I have met the man who helped open the latest tragic chapter in Afghanistan's history. Osama bin Laden used to come to my office in Peshawar in the late 1980s to ask me if I could help him import bulldozers to build roads in Afghanistan. There was nothing very remarkable about him. He was polite and unassuming. I suppose the casings of people can hide a lot.
But his network now includes a lot of hardline Arab and other foreign extremists who took the Afghan leadership hostage. This became obvious in March when the colossal Bamiyan Buddhas were destroyed. Before that, Mullah Omar had been supportive in protecting the cultural heritage. He issued numerous edicts to this effect, published in the official government Gazette.
The situation in Afghanistan is not as simple as US leaders would like and I doubt whether the hardline network can be destroyed by bombs and missiles. There is no lack of caves for them to hide in. Despite the millions of dollars that the United States is throwing into its attacks, the present venture is unlikely to be any more successful than the strikes in 1998.
Meanwhile, this military offensive is deepening hatred of the US and the West to the point where it is embracing those Afghans who were beginning to oppose Taliban policies. This is no surprise. It has happened throughout Afghanistan's history: they may fight one another, but they bond together at the first sign of outside interference.
The US made its first big error when it walked away from the Afghan people after the Soviets left. By ignoring Afghanistan, the US lost its opportunity to grasp a leadership role in the region. Now it is trying to bomb itself into that role.
If the present power structures in Afghanistan do collapse, the US and its allies must tread carefully. I can see some benefit in inviting the former king back as a symbol around which others may rally, although they should be cautious about the old-timers who will want to come with them.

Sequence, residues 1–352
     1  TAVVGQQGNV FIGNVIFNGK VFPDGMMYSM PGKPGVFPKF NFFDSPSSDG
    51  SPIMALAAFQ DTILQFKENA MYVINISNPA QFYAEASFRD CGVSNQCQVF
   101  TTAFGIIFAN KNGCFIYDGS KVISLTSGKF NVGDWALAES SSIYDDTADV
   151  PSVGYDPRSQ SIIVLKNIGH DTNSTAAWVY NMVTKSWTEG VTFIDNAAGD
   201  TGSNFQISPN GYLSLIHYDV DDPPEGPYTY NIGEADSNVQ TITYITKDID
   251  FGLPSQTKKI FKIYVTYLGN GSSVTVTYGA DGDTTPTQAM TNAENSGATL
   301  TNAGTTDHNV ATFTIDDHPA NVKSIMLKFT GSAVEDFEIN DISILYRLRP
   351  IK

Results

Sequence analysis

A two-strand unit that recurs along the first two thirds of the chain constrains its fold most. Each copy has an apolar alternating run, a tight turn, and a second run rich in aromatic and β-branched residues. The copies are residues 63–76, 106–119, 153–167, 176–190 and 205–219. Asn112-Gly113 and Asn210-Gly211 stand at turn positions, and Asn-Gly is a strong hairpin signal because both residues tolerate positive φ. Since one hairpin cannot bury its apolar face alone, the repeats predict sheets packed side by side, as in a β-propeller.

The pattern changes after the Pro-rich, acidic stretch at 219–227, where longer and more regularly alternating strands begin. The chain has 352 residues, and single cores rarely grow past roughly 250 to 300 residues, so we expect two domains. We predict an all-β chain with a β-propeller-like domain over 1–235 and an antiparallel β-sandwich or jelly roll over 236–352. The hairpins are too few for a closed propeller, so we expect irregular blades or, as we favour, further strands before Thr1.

It is perhaps the right time to call a Loya Jirgah - a great assembly, the traditional mechanism through which Afghans legitimise regimes by consensus. Many Afghans have been recommending this for years. They are not talking about a meeting of a few friends of the US; they are talking about upwards of 1,000 representatives from all parts of Afghan society. This would include moderate Taliban, for they are part of the society as well. From such a gathering, perhaps new voices will rise.
Above all, whatever is put in place must not bear the fingerprints of outsiders. Afghanistan's history shows that the people will not accept that. To install any group seen as puppets of outside interests would be a monumental mistake. It would take us back to where this tragedy began.
I remember travelling from Pakistan to Jalalabad in 1992 just after the mujahideen had established itself in Kabul. The region was a moonscape. Houses were rubble. There was no water in the irrigation canals. The fields were bare because they were mined. It was most depressing.
On returning just three months later I found the houses repaired, clear water flowing in the canals, farmers ploughing and corn almost as tall as I was. Afghans are not only courageous, they are hard workers. Now they need long-term assistance to provide the materials they cannot themselves supply. With these and with peace, the world will be astounded at how quickly prosperity returns.
* Nancy Hatch Dupree lives in Peshawar. Her numerous books on Afghanistan's history and heritage include An Historical Guide to Afghanistan, published by Afghan Air Authority in 1977, £60.00.
* Interview by Chris Bunting